Vietnam memorial brings memory and honor to Warrenton

Adam Rollins, Staff Writer
Posted 9/15/22

Beginning last Thursday evening and continuing without interruption through Sunday afternoon, visitors to Warrenton had the rare opportunity to experience The Wall That Heals, a three-quarter scale …

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Vietnam memorial brings memory and honor to Warrenton


Beginning last Thursday evening and continuing without interruption through Sunday afternoon, visitors to Warrenton had the rare opportunity to experience The Wall That Heals, a three-quarter scale replica of the Vietnam Veterans Memorial.

The wall and an associated educational display travel the country, offering communities a chance to reflect on the more than 58,000 names of missing or killed service members who are etched into the black panels.

Retired Air Force Brig. Gen. Mike Brandt, a Vietnam-era pilot, delivered an address to gathered visitors as part of the opening ceremony for the wall on Sept. 8. He called on visitors to learn about the lives represented by unfamiliar names on the wall, in order to understand  the gravity of what had been given in service to the nation.

“It’s important that we continue to honor their sacrifice and commitment, not only from them but from their families who were at home and suffered as well,” Brandt said. “If you want to remember somebody, you have to know them.”

“We all went over there to serve,” Brandt added. “We wanted to meet the challenge, make our families proud, and most of all, not let our buddies down, regardless of the circumstances.”

Across the three days of the wall’s visit, hundreds of people were able to see it and reflect on the names listed there, as well as learn from the education center at the site. It was common to see families of two or three generations walking the wall, or examining historical information about the Vietnam War. A display of personal items left behind at the Vietnam Memorial in Washington also held attention for many visitors.

Mixed among those visitors were dozens of local volunteers who gave their time to help visitors find the names and information they were looking for. 

“It was such a humbling experience to be part of. More people showed up to escort it than we expected, more came to volunteer than we expected. More showed up to visit than we expected. It was just amazing,” said Stacey Blondin, one of the local co-organizers who helped plan the wall’s visit.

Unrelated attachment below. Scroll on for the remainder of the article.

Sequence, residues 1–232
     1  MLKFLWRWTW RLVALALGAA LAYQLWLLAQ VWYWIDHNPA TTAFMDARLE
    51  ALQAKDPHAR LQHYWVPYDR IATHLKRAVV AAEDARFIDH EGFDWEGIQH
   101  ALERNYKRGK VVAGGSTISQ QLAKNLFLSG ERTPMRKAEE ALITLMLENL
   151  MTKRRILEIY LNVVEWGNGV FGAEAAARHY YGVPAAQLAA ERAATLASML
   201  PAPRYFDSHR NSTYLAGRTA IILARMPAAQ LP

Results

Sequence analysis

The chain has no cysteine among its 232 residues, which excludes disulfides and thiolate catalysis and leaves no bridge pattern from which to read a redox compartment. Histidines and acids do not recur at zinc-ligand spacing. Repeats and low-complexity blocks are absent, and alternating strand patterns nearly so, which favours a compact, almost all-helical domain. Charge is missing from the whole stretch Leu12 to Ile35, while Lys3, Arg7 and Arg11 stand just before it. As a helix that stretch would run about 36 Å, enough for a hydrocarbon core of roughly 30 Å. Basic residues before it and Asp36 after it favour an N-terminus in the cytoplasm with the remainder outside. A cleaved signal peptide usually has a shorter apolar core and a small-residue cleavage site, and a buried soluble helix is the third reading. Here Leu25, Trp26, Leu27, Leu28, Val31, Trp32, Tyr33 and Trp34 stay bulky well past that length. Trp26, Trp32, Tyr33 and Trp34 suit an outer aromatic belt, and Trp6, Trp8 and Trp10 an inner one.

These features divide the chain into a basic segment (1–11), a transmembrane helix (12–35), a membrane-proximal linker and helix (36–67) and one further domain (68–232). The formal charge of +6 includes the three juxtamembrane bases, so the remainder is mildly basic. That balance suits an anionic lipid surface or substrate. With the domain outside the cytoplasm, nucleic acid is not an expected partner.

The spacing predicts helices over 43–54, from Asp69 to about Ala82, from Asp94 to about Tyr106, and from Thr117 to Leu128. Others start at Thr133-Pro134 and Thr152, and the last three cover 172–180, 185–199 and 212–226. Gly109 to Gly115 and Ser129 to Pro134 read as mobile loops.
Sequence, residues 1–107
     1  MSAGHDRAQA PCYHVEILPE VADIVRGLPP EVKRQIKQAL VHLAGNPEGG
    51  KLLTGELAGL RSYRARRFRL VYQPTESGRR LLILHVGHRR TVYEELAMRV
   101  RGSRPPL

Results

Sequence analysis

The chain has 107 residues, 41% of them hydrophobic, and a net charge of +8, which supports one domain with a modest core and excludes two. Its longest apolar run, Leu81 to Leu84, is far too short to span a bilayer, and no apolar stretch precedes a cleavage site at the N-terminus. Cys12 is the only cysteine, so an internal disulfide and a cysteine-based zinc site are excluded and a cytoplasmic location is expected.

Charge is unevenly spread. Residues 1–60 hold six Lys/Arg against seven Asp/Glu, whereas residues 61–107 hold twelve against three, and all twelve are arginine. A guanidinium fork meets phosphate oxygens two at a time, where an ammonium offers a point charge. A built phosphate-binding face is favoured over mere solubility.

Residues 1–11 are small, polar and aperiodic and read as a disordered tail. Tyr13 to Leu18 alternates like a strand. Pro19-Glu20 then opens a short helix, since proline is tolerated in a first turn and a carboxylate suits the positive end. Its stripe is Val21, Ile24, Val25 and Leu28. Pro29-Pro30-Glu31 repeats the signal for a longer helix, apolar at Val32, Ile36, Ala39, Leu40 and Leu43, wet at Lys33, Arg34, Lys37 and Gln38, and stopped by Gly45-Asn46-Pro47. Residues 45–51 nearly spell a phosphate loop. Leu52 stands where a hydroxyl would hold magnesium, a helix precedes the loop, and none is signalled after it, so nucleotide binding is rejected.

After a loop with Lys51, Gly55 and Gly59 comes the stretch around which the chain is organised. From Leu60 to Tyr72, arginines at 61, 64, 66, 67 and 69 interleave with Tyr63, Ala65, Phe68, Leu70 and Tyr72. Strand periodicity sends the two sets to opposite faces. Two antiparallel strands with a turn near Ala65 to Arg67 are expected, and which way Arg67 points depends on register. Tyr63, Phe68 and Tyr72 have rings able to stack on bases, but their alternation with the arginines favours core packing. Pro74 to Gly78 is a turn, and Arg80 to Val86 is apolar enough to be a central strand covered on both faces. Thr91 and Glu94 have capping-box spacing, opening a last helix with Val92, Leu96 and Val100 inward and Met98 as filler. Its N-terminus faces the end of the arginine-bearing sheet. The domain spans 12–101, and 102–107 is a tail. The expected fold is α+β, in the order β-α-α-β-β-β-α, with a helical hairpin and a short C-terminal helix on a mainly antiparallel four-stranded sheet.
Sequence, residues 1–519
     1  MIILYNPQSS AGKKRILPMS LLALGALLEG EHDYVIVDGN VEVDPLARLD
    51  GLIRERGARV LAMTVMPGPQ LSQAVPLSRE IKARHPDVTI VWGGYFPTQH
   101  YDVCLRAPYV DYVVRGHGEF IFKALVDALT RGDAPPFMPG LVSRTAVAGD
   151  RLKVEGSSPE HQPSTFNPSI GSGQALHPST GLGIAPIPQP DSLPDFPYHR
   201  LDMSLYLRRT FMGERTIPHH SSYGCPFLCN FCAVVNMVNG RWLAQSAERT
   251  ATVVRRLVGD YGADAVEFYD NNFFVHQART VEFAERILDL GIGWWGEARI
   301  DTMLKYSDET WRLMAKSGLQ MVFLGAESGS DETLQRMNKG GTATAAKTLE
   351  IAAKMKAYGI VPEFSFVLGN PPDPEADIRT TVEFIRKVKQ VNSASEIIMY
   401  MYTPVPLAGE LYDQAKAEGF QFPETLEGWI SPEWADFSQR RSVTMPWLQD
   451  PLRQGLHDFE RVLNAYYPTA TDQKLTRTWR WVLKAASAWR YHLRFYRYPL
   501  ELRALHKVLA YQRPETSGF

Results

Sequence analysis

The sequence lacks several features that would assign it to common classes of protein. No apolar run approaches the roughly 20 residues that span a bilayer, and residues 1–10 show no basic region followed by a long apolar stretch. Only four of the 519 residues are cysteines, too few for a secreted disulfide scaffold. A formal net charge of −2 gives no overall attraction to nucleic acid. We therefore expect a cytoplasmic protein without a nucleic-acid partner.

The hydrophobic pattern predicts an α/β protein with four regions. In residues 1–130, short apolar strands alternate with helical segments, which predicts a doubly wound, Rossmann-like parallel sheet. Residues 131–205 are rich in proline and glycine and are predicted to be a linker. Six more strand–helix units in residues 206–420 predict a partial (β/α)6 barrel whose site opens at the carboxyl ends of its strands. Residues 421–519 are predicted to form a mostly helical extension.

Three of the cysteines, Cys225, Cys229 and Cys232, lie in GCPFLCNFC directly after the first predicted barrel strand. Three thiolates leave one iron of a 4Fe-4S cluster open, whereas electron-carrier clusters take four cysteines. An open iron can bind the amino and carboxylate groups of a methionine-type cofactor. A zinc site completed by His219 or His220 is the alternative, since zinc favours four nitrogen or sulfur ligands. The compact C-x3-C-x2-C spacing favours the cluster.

Every day that the wall was in Warrenton was a chance for area veterans and their families, who still bear the hurt and the scars of Vietnam and other conflicts, to find solace in the physical reminder that those who died are being honored and remembered. Volunteers who helped visitors find the names of friends and family on the wall were honored to hear the stories of those names, Blondin said.

“One combat veteran came to help set up the wall. We were able to find the panel that his lieutenant was on. He carried his lieutenant out of the war (after) he was killed in action. He got to carry that panel and put it into place on the wall,” Blondin commented. “He said it was about the same length to carry his lieutenant from the war zone as it was to carry the panel to the wall.”

Blondin recalled another particularly meaningful encounter on Saturday afternoon, when she was asked to assist a woman who was visiting from out of town with her daughter and granddaughter.

“A lady asked me if I could help her find a gentleman on the wall. I looked up his name in the directory and was able to pull his picture up, and she looked at it and started crying,” Blondin said. “It was her brother. He had passed away when she was a little girl, and she hadn’t seen a picture of him in years. That was very moving.”

Blondin said she was proud of the huge outpouring of support from local community leaders and volunteers who worked together to help plan the event and make it successful. Once they were able to see how much the wall meant to those visiting, many of the volunteers didn’t want to leave.

“It was an amazing experience. ... I’ve never been part of anything like it,” Blondin said. “I was so sad to watch it go away. I asked where it’s going next, because I might go visit it.”

Vic Muschler, a local resident and the site manager for the wall’s visit to Warrenton, said he was grateful for the reception.

“We are happy with the community support from the volunteers to the setup and takedown crews,” Muschler said. “The most important thing was we reached over 300 students to provide a better understanding and education of the Vietnam era. And I personally saw the healing occurring for veterans and their families.”

To view a gallery of photos from the Wall That Heals exhibit, click this link.

Wall That Heals, Vietnam, Memorial


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